Think of it this way. For most churches, theology defines your mission and values. But what you hope to do (mission) can only happen when we clearly define and deliver how we plan to do it (strategy).
Jesus understood this. You see it in the Great Commission. What did Jesus want the Disciples to do? Make disciples. How were they to do it? Go to all nations and teach. Teaching application was the strategy for making disciples.
Your church is defined by your mission, but a practical and tactical strategy must drive your organization.
I cannot overemphasize how critical a clear strategy is to your church and community. And btw, hope isn’t a strategy. And neither is waiting for God to intervene and cause the revival. We should “Pray as though everything depended on God. Work as though everything depended on you.” — Saint Augustine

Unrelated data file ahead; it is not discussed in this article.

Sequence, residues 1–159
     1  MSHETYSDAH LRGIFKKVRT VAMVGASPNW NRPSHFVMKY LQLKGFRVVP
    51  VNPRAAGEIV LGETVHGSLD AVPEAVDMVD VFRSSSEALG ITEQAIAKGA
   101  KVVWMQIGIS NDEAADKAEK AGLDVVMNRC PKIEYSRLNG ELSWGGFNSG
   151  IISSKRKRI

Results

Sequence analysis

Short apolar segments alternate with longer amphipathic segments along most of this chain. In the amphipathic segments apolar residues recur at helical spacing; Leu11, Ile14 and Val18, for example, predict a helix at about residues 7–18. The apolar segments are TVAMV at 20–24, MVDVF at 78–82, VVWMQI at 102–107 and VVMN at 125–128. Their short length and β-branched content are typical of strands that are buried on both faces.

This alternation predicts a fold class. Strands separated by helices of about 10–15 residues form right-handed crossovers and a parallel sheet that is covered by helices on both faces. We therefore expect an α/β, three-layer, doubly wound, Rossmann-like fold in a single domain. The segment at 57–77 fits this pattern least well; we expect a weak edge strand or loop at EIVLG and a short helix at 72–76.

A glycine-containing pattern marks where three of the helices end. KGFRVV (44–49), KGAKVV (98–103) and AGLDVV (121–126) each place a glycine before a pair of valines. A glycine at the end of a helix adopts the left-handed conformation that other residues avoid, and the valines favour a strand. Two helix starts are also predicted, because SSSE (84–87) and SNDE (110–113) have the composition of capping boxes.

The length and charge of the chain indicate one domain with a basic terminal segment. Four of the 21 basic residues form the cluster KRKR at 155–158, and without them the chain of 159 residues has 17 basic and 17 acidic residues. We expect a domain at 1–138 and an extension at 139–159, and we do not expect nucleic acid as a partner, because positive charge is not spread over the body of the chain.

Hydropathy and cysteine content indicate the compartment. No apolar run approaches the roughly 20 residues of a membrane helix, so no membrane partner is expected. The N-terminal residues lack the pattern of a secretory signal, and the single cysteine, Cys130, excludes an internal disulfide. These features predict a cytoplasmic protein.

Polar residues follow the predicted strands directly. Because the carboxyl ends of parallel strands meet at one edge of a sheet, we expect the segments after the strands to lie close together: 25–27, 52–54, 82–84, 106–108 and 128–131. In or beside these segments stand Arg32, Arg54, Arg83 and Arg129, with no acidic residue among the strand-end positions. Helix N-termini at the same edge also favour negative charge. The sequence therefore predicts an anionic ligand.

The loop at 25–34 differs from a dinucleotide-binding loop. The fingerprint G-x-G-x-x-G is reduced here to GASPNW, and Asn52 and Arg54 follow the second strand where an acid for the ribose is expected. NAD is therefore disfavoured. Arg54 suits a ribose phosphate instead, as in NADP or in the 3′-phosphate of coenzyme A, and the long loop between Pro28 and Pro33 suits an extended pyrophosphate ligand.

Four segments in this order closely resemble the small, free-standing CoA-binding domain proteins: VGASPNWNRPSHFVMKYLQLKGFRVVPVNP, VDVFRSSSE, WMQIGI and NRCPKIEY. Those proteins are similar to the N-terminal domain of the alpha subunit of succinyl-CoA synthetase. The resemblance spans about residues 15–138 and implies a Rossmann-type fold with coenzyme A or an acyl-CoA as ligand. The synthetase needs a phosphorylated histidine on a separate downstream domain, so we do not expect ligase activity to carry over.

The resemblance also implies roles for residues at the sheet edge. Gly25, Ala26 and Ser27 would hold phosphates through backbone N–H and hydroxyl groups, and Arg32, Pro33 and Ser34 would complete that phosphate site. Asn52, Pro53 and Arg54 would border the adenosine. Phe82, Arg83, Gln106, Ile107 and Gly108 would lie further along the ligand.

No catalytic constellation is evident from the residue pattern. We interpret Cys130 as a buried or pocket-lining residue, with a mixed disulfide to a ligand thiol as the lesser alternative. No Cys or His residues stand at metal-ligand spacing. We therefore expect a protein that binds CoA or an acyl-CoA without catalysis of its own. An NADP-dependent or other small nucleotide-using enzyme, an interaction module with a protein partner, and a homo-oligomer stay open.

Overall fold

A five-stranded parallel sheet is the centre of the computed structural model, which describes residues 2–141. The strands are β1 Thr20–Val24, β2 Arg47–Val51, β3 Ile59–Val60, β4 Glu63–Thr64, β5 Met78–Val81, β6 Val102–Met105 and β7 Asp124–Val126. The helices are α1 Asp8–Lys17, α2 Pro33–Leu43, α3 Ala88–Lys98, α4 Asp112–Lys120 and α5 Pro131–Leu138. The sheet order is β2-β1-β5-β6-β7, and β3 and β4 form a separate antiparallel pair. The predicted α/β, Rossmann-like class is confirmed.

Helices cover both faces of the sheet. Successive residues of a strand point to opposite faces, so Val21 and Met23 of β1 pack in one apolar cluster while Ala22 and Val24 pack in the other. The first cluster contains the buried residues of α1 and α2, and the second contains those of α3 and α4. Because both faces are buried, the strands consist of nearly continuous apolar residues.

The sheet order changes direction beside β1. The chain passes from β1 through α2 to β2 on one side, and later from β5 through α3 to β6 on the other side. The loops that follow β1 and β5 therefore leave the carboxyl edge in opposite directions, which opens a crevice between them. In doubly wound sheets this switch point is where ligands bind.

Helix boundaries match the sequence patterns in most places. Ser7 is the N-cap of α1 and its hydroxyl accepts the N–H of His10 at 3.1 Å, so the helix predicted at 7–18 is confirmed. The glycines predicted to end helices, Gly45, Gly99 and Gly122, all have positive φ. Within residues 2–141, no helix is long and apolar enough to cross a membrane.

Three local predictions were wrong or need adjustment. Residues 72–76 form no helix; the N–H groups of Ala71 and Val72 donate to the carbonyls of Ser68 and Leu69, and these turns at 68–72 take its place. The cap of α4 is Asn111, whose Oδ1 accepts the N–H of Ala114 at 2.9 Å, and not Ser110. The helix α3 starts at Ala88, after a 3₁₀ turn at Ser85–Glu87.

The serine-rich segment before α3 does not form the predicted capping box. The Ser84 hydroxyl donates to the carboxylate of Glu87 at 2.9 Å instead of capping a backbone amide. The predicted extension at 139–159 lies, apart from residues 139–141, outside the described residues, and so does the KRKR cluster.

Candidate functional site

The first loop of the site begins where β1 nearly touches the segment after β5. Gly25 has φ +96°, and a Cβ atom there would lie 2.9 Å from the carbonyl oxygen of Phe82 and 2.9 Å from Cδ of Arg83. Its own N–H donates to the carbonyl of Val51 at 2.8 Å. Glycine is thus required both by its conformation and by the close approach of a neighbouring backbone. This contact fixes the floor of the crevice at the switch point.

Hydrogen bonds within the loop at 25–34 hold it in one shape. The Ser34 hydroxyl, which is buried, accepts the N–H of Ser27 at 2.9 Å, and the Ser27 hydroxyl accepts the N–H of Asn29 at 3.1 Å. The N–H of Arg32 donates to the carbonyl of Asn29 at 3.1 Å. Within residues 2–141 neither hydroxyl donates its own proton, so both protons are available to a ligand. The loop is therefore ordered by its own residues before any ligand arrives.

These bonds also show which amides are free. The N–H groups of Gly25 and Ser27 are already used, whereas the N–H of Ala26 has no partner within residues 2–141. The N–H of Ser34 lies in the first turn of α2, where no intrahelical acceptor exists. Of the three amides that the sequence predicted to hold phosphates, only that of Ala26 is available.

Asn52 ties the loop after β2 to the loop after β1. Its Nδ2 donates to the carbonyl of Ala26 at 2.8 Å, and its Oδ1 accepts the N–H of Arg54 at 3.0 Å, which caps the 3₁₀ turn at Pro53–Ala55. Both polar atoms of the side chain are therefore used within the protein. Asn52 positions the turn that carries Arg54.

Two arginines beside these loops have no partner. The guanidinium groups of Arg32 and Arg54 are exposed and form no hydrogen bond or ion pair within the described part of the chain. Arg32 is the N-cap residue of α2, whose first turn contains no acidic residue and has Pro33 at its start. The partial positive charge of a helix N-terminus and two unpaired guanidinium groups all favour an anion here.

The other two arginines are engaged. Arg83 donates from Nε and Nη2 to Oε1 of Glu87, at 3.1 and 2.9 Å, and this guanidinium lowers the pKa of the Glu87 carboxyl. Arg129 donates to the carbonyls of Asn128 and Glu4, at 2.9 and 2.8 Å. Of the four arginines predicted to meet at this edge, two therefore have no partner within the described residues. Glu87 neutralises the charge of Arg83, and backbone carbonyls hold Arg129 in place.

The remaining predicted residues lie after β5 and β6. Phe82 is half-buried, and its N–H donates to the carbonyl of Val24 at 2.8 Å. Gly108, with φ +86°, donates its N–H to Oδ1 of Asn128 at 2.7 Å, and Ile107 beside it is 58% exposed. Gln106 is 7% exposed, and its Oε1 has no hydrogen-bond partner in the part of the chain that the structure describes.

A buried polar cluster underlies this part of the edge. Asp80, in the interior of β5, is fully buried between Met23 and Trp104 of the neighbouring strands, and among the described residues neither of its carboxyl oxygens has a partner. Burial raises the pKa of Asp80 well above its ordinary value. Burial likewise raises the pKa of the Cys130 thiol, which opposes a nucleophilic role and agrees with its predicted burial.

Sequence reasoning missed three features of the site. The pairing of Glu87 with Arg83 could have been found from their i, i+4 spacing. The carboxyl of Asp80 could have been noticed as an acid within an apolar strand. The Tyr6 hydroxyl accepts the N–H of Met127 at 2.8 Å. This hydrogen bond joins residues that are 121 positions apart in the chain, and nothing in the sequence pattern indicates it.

“Working” means designing and implementing a strategy that best executes your theology.
One more thing: God seems to agree, too. Remember why he recruited Paul! The Disciples hadn’t left the neighborhood, so he got a leader and strategist!
4. STOP attempting to Control Everything.
Growing churches come with growing complexity. In an effort to control, leaders often attempt to wrap their hands back around the organization that was once just a tiny startup. When leaders behave in this fashion, the organization stagnates and eventually chokes on the leader’s control.
If you hope to control the organization, you’ve already determined the size of your reach and the scale of your mission. You’ll never grow beyond your ability to manage everything alone. I don’t know a single church leader dreaming of a church small enough to be managed alone. That’s not how you overpopulate heaven.
Learning to delegate is a significant first step away from control. You can read some about that here: The Five Steps of Effective Delegation
I also dedicated a module in my Leadership Toolbox Course to delegation.
5. STOP believing the old way will work in our new time.
If your church has plateaued or is declining, you probably feel it’s time to change something. Deciphering what needs to change is the easy part, though. It’s leading the change that stumps us.